Seems to me, however, Prof. Chow’s argument is ambiguous at best.
First, he listed the criteria for judging social progress: people should feel that the society is better than the past; the public should obey the law and don’t do things that harm others; the public observes high moral standards, and is willing to help others, etc. Prof. Chow threw the standards out there without making the claim that the current Chinese society has achieved them. Maybe he was actually subtly criticizing the current situation, which perhaps makes more sense.
Indeed, millions of people are feeling that the society is getting worse: people are more selfish, youth don’t respect the elderly, government is nothing but corrupt. The list goes on and on. Also, who is to say that people really obey the law in China? If so, then how come counterfeit and fake goods have become the hallmark of China’s burgeoning market, so prevalent that even baby formula could not be exempt? And what about altruism? Well, people will laugh if someone tries to advocate for this idea. “Are you dumb?” They are going to ask.
Prof. Chow did, however, praise progresses made in the past few decades in the Chinese society, such as education. “I believe, the Chinese society will continue to advance,” he went on to say. Why? “Because the government and the public are making efforts in the aforementioned directions,” he wrote. So again, people are trying to achieve a good society as he depicted, but not quite there yet. His other reasons for being optimistic include China’s economic growth and a “sufficient number of” excellent individuals in China.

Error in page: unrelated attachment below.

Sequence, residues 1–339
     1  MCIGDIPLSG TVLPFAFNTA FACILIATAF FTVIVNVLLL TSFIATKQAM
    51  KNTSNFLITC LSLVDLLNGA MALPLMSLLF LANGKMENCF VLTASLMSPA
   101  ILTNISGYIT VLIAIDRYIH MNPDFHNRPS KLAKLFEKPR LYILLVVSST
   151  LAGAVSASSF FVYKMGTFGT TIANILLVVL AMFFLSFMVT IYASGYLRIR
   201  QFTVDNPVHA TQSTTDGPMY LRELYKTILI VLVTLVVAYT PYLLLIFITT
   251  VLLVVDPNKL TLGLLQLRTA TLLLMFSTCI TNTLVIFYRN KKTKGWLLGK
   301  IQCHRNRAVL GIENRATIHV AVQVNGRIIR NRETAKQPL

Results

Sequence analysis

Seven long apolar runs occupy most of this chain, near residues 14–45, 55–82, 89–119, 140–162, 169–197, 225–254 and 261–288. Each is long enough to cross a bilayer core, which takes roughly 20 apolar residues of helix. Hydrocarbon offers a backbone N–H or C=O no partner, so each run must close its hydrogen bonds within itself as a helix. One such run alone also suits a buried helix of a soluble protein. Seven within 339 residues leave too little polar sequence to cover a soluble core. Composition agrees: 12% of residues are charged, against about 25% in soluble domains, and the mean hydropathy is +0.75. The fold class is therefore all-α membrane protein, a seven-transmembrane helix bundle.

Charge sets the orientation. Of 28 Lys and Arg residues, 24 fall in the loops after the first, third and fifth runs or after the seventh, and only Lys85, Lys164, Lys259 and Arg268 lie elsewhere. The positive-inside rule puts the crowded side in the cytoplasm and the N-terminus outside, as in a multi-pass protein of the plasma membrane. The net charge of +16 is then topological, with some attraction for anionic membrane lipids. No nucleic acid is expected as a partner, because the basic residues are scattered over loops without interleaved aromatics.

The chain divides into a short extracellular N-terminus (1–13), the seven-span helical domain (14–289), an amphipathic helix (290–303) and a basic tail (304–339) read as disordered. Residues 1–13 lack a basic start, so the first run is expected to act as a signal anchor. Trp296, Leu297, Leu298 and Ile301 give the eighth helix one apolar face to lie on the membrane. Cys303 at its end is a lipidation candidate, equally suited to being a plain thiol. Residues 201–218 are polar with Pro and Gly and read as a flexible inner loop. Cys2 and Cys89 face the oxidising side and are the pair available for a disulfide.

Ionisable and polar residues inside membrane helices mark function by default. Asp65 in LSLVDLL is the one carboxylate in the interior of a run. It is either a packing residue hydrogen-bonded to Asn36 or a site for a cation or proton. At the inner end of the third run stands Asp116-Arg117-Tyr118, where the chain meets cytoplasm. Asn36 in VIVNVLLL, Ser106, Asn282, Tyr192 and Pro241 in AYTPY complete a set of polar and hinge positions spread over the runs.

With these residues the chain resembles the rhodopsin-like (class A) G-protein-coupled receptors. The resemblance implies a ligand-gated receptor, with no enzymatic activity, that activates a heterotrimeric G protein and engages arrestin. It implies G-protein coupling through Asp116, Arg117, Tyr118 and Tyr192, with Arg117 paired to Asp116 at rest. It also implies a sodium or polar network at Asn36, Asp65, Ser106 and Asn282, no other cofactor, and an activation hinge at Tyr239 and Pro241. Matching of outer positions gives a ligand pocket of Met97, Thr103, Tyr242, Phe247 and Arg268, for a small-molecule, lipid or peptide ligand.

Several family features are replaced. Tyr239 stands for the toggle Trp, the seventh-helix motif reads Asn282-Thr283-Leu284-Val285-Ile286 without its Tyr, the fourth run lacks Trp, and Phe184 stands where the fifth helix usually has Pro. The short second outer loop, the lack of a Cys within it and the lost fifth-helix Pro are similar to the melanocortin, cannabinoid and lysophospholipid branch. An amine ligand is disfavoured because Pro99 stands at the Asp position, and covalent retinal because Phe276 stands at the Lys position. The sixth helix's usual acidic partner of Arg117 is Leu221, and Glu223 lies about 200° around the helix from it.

I appreciate his insights but not sure about his prescription. For one thing, society-wide corruption—government, business, even academia—is not something that could be resolved by a stronger economy or a few excellent individuals. And don’t forget that if China’s environment continue to deteriorate at the current rate, there is no future for the nation, no matter how much money, how many talents it will possess.
Of course, I may sound just too bleak. What I’m trying to say is that, yes, China’s society may well get better, but certainly more needs to be done.
Prof. Chow’s blog on sohu.com
Monday, August 31, 2009
A recent post on Tianya BBS lists three reasons of not to watch this huge production: no money, no time, no need. This netizen, self-named “I am No. What,” claims that he would rather donate the money to help poor kids than buy the ticket for the movie. Jet Li might have been his idol, he writes, but in this movie Mr. Li is only a decoration. With so many—nearly 100—renowned movie stars, from the mainland, Hong Kong and Taiwan, all packed in one movie, all the audience could do while watching it is counting the stars, the post states.
This movie, due on Sept. 17, is yet another astonishing production of China Film Group Corporation and its Chairman, Mr. Han Sanping, the company and man behind last year’s blockbuster, "Red Cliff", directed by John Woo. Set at the end of the civil war between the Chinese Communist Party and the Kuomintang in the 1940s, the movie depicts the historical development of China’s political consultative system, in which the communist party governs in “collaboration” with social groups other than those deemed as the proletariat in the Chinese society.